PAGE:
Test 2: Saving Private Ryan
This movie is known to be notoriously hard to encode and therefore ideally fits my needs. I chose 3 scenes here: The beach landing (frames 8430 - 22281), a still scene in the controller's office (43790 - 45189) that has a lot of film grain and a night scene (frames 94122 - 106098). This should prove sufficiently difficult to get any codec into trouble. Let's see if I succeeded.
Scene 1: The beach
I don't think there's too much to be said about the beach scene. No steadycam, underwater shots, a lot of debris and confusion on the screen. Before the shooting starts there are many close-ups in the boat. As the boat door opens we can notice an immediate drop in details even in the source, so clearly this was a challenge to get this encoded for the DVD as well.
As we see the GIs approach the beach, the constant firing makes the scene look like it's raining. And as we've seen in Matrix3, no codec likes rain.
As we get on shore things start to shape up again. I decided to concentrate on the facial details:
Scene 2: In the office
Scene 3: The Church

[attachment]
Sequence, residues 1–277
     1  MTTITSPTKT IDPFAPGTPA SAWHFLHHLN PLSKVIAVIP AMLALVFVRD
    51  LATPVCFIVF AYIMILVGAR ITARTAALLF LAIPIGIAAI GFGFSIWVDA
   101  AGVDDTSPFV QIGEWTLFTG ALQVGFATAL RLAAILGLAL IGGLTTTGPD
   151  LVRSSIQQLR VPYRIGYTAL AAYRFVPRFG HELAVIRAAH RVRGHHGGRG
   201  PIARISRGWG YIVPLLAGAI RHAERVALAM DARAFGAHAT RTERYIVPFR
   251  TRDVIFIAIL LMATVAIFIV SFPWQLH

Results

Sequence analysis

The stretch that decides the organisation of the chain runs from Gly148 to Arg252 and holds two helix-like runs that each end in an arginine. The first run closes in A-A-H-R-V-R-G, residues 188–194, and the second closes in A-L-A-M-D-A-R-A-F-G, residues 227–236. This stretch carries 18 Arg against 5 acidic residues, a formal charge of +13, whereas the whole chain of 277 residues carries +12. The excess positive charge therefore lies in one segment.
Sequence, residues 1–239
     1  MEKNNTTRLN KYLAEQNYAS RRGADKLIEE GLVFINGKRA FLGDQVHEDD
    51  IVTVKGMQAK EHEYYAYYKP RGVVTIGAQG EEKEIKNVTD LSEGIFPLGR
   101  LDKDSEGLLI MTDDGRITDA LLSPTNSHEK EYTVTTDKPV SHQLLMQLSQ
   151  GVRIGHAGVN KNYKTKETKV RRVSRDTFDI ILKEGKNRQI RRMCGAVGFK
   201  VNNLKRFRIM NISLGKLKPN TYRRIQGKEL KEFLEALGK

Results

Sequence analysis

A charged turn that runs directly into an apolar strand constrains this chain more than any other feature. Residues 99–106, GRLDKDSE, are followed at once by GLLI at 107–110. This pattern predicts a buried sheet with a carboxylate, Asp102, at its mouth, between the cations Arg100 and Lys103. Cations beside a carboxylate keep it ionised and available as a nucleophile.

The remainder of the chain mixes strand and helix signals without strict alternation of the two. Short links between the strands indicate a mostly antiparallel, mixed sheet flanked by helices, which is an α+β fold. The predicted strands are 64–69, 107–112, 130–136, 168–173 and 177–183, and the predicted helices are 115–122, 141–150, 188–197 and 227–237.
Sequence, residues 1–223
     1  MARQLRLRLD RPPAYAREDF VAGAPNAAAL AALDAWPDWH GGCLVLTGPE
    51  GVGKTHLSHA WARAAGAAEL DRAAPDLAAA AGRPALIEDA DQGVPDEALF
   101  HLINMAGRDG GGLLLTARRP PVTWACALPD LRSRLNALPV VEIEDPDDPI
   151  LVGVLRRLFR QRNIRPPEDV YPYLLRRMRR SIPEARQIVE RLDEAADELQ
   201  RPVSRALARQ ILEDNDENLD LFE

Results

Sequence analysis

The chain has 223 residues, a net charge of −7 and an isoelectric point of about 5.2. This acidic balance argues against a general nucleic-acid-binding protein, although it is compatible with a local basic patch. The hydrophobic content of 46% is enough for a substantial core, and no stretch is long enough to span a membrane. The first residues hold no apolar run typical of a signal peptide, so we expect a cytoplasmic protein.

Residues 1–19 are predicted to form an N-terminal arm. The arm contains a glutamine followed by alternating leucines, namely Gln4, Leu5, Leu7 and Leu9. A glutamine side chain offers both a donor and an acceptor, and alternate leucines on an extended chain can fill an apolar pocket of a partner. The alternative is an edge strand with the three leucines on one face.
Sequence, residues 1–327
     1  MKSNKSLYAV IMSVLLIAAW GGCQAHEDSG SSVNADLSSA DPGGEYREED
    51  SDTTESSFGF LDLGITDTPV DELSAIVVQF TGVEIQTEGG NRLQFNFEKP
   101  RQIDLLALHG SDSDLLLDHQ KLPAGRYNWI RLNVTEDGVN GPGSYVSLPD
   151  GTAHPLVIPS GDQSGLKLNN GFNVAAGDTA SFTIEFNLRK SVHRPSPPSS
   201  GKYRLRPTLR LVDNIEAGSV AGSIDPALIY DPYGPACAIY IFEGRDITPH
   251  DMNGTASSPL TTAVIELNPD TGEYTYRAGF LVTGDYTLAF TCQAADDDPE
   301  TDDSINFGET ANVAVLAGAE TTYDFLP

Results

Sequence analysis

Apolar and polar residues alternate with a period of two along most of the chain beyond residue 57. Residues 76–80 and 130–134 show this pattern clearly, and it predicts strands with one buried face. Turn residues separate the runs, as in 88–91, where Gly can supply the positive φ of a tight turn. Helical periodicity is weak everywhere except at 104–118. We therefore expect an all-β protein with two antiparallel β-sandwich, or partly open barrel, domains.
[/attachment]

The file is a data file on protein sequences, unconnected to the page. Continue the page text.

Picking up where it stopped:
Our final scene takes place at night, and black has proven to be notoriously hard to encode in the past.
Finally, our soldiers moving out during the night:
The results in SPR were remarkably similar to those of Matrix3. The NeroDigital codecs dominated, though not by as much as in Matrix3. They are followed by XviD and VP6.
I rather liked the newcomer ASP codec HDX4 until the night scene. It reminds me of early QPel implementations though. I recall disliking QPel quite a bit, but I suppose later implementations improved and made it more visually pleasing, and perhaps that's what we'll see about film grain.
3ivX and DivX once again performed similarly, and RV10 delivered the usual performance: no blocks, but a definite lack of details the farther you go from the camera.
WMV9 exhibited blocking and smearing that reminded me of DivX3. Plus there's the color bleeding. Finally, VSS delivered a varying performance, at times good, at times pretty bad. I think that it's just the rate control.
Now you can proceed to the Futurama test or go directly to the conclusion.
This document was last updated on December 29, 2004